Website tutorial


This page is under construction. Contact Trestan Pillonel ( if you have any question or suggestion regarding the website or its documentation.

This page attempts to provide the user with help to understand and perform the analyses offered in the webinterface.

In this tutorial a database composed of a collection of Enterobacteriaceae genomes is presented and a focus on the fliLMNOPQR operon and specifically on FliL is reserved to display the available analyses. This operon is FlhDC-dependent and encodes important regulatory factors and structural components of the membrane-spanning basal body of the flagellum.

HOME page

In the HOME page the user has an overview of the genomes included in the database through the ‘Genome’ and ‘Phylogeneny’ sections (see the paragraph below) and the status of the database. Indeed, a summary reports which analyses are available, and which have not been included in the generation of the database. Note that it is necessary to re-run the pipeline to incude the new analyses if wished (-resume argument - see documentation)

Direct access to the available analyses is provided in:
  • the home page

  • the left menu to facilitate the navigation

Genome table and phylogeny

Through the genome table the user can move the first steps to globally evaluate the content of the database, getting details about the contigs and the loci identified on each genome (the clickable locus tags redirect to the Protein annotation view page). The phylogeny, built on concatenated single copy orthologs with FastTree, shows the evolutionary relationships between the genomes given in input and essential data for the quality assessment of the given sequences.

Homology search - Blast

Perform a blast search of one or more sequences of interest against one or more genomes of the database.

Either an amino-acid or a nucleotide sequence can be given as input.

Set up:
  • the type of homology search according to the input file:
    • blastp, tblastn with an aa sequence

    • blast_ffn, blast_fna, blastx with a nt sequence

  • e-value

  • maximum number of hits to display

  • target genome or all genomes

Note: If the search is performed against all genomes, max number of hits should be set up to ‘all’ to avoid losing high identity matching hits.

In the reported example the protein sequence of the genes of fliLMNOPQR operon extracted from Enterobacter soli genome are blasted (blastp) against all genomes of the database (Fig.1).


Figure 1: Blast interface for homology search. Blastp of fliLMNOPQR operon genes (target: all, max number of hits: all). In ‘blast input’ box amminoacid sequences of all genes introduced by a header.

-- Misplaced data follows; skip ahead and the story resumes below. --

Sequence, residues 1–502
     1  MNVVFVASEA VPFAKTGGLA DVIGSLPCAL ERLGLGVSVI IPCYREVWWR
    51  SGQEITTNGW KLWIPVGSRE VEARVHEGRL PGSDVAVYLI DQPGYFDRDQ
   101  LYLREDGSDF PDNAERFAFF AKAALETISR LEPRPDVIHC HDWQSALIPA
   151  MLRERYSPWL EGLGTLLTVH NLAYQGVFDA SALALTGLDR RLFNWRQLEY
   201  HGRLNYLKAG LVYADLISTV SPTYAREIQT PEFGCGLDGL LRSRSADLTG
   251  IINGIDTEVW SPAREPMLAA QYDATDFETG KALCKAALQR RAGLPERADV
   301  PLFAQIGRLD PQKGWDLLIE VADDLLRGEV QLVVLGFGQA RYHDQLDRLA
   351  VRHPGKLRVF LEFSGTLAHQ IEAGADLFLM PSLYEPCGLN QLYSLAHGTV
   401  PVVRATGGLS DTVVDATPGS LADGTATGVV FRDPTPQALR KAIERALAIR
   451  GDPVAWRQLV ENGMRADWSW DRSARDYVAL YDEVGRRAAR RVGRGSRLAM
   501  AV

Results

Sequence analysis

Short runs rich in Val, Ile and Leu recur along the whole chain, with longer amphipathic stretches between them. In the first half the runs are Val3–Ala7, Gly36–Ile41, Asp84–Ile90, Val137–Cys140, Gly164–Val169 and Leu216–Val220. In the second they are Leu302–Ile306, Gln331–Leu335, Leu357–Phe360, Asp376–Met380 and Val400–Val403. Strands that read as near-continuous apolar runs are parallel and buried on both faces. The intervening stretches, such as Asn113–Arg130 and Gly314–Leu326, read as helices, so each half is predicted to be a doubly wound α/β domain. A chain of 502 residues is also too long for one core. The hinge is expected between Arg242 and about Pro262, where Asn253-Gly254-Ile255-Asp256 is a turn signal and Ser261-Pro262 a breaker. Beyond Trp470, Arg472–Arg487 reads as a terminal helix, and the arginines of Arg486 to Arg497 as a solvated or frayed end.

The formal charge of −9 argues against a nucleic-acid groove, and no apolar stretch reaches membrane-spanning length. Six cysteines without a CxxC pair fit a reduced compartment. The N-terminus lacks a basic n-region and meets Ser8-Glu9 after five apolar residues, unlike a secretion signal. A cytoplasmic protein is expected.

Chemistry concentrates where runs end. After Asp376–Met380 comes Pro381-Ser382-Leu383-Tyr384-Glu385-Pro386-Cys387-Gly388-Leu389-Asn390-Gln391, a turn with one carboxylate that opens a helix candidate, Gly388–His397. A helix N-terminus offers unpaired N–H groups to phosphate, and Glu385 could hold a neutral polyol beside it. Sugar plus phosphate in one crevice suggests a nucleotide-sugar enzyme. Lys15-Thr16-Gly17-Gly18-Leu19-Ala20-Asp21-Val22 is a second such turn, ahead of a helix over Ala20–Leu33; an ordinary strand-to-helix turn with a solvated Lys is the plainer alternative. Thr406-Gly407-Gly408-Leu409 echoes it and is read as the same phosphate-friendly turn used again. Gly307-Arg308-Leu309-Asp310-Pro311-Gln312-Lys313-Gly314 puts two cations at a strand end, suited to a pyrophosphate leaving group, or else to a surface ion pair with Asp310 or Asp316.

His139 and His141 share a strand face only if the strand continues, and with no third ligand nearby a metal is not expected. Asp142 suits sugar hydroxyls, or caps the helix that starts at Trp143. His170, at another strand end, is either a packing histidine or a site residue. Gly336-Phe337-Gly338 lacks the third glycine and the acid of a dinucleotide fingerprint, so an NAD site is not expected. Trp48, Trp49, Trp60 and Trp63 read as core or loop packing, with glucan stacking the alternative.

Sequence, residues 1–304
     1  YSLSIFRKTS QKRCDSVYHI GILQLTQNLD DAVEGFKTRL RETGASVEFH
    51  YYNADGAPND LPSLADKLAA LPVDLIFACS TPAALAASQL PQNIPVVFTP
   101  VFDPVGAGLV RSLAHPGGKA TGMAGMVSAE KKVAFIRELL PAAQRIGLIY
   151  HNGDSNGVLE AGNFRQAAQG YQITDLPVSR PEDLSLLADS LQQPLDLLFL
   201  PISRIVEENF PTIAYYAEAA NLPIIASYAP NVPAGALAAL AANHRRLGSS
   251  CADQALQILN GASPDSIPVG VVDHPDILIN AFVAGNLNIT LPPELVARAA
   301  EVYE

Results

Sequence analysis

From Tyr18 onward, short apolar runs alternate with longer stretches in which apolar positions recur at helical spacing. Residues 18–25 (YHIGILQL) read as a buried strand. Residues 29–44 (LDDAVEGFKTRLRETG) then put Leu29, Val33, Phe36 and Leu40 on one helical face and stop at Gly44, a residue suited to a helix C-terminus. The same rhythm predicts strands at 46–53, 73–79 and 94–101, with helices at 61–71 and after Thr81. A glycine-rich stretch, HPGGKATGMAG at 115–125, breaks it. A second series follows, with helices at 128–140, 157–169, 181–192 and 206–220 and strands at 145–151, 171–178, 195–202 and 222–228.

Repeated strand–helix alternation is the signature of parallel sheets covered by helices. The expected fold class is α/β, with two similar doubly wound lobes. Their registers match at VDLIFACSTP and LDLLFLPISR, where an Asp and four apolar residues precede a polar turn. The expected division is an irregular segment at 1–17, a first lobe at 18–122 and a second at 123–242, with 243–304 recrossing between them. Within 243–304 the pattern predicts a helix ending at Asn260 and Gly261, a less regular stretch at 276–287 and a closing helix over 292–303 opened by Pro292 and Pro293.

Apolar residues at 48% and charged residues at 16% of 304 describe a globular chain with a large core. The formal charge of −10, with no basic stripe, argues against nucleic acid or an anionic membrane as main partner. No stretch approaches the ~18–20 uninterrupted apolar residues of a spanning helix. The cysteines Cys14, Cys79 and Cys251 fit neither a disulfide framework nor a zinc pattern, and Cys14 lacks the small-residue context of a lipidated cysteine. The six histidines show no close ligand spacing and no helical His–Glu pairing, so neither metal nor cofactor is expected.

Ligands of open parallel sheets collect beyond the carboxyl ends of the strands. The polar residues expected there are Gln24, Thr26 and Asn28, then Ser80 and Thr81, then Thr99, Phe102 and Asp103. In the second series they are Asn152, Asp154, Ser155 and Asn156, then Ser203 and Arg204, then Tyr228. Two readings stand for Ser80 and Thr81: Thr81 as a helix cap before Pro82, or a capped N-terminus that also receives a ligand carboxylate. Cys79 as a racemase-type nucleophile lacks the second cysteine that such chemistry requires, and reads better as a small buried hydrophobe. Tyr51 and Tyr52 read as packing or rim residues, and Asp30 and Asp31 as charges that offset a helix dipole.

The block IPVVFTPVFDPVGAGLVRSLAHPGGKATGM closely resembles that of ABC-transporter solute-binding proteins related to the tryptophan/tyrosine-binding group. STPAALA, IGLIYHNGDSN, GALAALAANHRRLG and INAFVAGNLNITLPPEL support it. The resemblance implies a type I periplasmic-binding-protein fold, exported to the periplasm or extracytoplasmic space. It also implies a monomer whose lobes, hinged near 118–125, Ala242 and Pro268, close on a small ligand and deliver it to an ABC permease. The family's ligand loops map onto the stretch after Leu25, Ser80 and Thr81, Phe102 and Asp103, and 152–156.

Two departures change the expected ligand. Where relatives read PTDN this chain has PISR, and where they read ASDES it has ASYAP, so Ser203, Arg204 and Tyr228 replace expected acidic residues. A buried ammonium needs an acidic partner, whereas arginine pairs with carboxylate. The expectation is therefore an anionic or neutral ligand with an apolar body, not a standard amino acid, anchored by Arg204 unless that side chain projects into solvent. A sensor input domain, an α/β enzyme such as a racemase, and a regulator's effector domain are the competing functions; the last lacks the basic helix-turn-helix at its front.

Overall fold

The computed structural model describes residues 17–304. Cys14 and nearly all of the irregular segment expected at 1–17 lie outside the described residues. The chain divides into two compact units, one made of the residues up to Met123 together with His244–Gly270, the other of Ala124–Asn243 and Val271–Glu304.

Through this analysis it is possible to identify whether any of these genes is present in the genomes and evaluate the number and the identity of the alignment of each hit (Fig.2 - Result 1):

A. visual identification of hits for fliL gene
B. info table about the hits (genome, contig/locus_tag, alignment scores and identity - Note that the locus tags are clickable and linked to the Protein annotation view),
C. Alignment of the query and the sequence of a hit selected in table B.

Additionally, the generated annotated phylogeny facilitate the interpretation of their distribution and conservation along all the genomes. As shown in Fig.2 - Result 2, four genomes carry all the investigated genes, fourteen genomes do not carry them, while the remaining ones have an incomplete set.


Figure 2: Blastp results . Result 1: Details and Result 2: Phylogenetic distribution.


  • If you are interest in a specific gene expected to be present in one of the genomes included in the database, you can either retrive the sequence in a public database, such as SwissProt, or use the search bar in the left-side menu of the web interface. Type the gene name, and identify which loci are annotated with that gene, clicking on one of them the user can directly retrieve both the nucleotide and the amino acid sequence of the gene - see Protein annotation view page below.

  • Compare the genomic regions around a protein of interest in selected genomes accessing the ‘MENU/Genome alignments/Plot region’ analysis - see Genome alignments page below.


This block of analyses can widely change based on the settings defined during the generation of the database - see the documentation for an extensive explanation. It allows the user to compare several aspects of selected genomes and perform comparative analyses for each annotation: a) Orthogroups are identified by default, and differently, the user can optionally identify b) KEGG orthologs, c) COG cluster, and d) PFAM domains along the genomes during the database generation.

Before proceeding here a brief summary of the mentioned annotations and the link to their databases:
  • Kegg: Kegg annotations refer to the Kyoto Encyclopedia of Genes and Genomes (KEGG). The genome annotation is composed of two aspects: a) KO assignemnt (KO is the identifier given to a functional ortholog defined from experimentally characterized genes and protein in specific organism), b) KEGG mapping where each KO is stored in a PATHWAY or MODULE identified based on molecular networks. This database provides a highly curated and reliable description of the metabolic pathway of the annotated genomes.